6. Brochard R.,, Abecasis D., Potter D.,, Ragot R.,, & Drake C. (2003). "The ‘ticktock’ of our internal clock: Direct brain evidence of subjective accents in isochronous sequences". Psychol. Sci. , 14, 362366.
7. Cummins F. (2012). "Looking for rhythm in speech". Empir. Musicol. Rev. , 7, 2835.
8. Cummins F.,, & Port R. F. (1998). "Rhythmic constraints on stress timing in English". J. Phon. , 26, 145171.
9. Deutsch D.,, Henthorn T.,, & Lapidis R. (2011). "Illusory transformation from speech to song". J. Acoust. Soc. Am. , 129, 22452252.
10. Di Luca M.,, & Rhodes D. (2016). "Optimal perceived timing: Integrating sensory information with dynamically updated expectations". Sci. Rep. , 6, 28563.
11. Falk S.,, Rathcke T.,, & Dalla Bella S. (2014). "When speech sounds like music". J. Exp. Psychol. Hum. Percept. Perform. , 40, 14911506.
12. Grahn J. A.,, & McAuley J. D. (2009). "Neural bases of individual differences in beat perception". NeuroImage , 47, 18941903.
13. Keller P. E.,, & Repp B. H. (2005). "Staying offbeat: Sensorimotor syncopation with structured and unstructured auditory sequences". Psychol.l Res. , 69, 292 309.
14. London J. (2002). "Cognitive constraints on metric systems: Some observations and hypotheses". Music Percept , 19, 529550.
15. Manning F. C.,, & Schutz M. (2016). "Trained to keep a beat: Movement-related enhancements to timing perception in percussionists and non-percussionists". Psychol. Res. , 80, 532542.
16. Manning F. C.,, Harris J.,, & Schutz M. (2017). "Temporal prediction abilities are mediated by motor effector and rhythmic expertise". Exp. Brain Res., 235, 861871.
17. Miyake Y.,, Onishi Y.,, & Pöppel E. (2004). "Two types of anticipation in synchronization tapping". Acta Neurobiol. Exp. (Wars.) , 64, 415426.
18. Nozaradan S.,, Peretz I.,, Missal M.,, & Mouraux A. (2011). "Tagging the neuronal entrainment to beat and meter". J. Neurosci. , 31, 1023410240.
19. Palmer C.,, & Krumhansl C. L. (1990). "Mental representations for musical meter". J. Exp. Psychol. Hum. Percept. Perform. , 16, 728741.
20. Parncutt R. (1994). "A perceptual model of salience and metrical accent in musical rhythms". Music Percept. , 11, 409464.
21. Povel D.,, & Essens P. (1985). "Perception of temporal patterns". Music Percept. , 2, 411440.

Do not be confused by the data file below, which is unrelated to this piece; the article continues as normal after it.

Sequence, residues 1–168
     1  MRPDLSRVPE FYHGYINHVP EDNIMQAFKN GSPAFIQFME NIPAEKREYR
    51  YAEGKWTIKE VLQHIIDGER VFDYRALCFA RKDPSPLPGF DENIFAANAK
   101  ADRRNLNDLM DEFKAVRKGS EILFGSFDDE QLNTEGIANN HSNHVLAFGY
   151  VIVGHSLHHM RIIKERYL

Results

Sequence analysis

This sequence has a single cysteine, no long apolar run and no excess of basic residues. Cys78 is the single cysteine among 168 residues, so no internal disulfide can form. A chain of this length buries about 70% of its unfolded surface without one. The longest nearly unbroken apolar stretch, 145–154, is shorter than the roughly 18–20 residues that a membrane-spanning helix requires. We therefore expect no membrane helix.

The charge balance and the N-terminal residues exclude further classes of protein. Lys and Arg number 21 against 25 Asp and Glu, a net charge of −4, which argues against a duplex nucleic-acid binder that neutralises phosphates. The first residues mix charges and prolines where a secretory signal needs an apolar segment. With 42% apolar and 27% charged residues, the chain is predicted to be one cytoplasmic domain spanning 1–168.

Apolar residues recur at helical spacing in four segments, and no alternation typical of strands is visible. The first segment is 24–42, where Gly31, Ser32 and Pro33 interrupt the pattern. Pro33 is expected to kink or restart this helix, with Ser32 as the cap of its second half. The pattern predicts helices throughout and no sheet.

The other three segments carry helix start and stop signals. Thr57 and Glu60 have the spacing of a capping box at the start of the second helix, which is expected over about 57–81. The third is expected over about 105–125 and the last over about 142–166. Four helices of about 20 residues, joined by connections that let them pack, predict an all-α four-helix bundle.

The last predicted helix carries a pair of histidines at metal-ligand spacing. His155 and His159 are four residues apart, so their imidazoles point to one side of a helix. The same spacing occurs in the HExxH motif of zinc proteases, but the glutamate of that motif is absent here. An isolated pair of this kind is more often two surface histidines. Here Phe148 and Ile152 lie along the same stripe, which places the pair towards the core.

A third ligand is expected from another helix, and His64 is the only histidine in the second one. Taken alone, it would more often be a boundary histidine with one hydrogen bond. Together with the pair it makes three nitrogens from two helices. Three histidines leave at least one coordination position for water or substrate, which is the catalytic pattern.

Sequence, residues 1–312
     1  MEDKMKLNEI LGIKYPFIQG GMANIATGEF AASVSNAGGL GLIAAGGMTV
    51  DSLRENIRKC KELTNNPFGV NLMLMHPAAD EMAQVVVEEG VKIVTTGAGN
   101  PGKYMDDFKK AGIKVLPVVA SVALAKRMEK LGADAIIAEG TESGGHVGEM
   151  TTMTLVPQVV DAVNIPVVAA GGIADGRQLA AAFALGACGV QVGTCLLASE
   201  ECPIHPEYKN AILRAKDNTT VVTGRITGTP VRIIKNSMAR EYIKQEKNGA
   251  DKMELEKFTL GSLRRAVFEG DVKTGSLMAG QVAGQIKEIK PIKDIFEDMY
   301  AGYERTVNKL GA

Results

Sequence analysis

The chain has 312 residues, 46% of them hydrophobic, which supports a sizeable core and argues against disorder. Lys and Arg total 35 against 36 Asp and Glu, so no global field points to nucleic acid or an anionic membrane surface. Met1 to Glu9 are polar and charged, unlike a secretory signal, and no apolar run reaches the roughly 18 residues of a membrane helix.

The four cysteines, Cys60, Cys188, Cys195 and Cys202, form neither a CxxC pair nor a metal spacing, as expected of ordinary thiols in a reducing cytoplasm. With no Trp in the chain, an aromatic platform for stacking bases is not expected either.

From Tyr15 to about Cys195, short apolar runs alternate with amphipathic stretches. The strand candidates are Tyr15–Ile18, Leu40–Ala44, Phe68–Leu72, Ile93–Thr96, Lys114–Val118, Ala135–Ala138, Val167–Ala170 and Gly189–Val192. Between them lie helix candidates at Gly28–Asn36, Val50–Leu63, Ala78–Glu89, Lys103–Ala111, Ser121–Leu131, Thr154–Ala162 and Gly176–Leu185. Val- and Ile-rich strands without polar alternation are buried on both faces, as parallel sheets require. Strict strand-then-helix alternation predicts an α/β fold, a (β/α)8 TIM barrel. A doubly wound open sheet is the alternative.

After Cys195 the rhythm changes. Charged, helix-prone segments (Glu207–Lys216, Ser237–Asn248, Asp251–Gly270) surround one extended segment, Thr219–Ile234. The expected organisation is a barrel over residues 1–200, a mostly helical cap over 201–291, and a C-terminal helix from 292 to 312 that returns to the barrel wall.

22. Repp B. H. (1995). "Detectability of duration and intensity increments in melody tones: A partial connection between music perception and performance". Percept. Psychophys. , 57, 12171232.
23. Repp B. H. (2006). "Rate limits of sensorimotor synchronization". Adv. Cogn. Psychol., 2, 163181.
24. Repp B. H. (2007). "Perceiving the numerosity of rapidly occurring auditory events in metrical and nonmetrical contexts". Percept. Psychophys. , 69, 529543.
25. Repp B. H. (2010). "Do metrical accents create illusory phenomenal accents?" Atten. Percept. Psychophys. , 72, 13901403.
26. Repp B. H.,, & Doggett R. (2007). "Tapping to a very slow beat: A comparison of musicians and non-musicians". Music Percept. , 24, 367376.
27. Repp B. H.,, & Su Y. (2013). "Sensorimotor synchronization: A review of recent research (2006–2012)". Psychonom. Bull.Rev. , 20, 403452.
28. Snyder J.,, & Krumhansl C. L. (2001). "Tapping to ragtime: Cues to pulse finding". Music Percept. , 18, 455489.

Article metrics loading...



Can't access your account?
  • Tools

  • Add to Favorites
  • Printable version
  • Email this page
  • Subscribe to ToC alert
  • Get permissions
  • Recommend to your library

    You must fill out fields marked with: *

    Librarian details
    Your details
    Why are you recommending this title?
    Select reason:
    Timing & Time Perception — Recommend this title to your library
  • Export citations
  • Key

  • Full access
  • Open Access
  • Partial/No accessInformation